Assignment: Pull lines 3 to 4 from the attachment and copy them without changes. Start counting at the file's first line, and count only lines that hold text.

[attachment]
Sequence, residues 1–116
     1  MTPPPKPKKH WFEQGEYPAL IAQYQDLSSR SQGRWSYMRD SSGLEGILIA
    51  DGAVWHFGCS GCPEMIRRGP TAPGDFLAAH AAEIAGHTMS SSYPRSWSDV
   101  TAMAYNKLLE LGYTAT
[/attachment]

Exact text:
    51  DGAVWHFGCS GCPEMIRRGP TAPGDFLAAH AAEIAGHTMS SSYPRSWSDV
   101  TAMAYNKLLE LGYTAT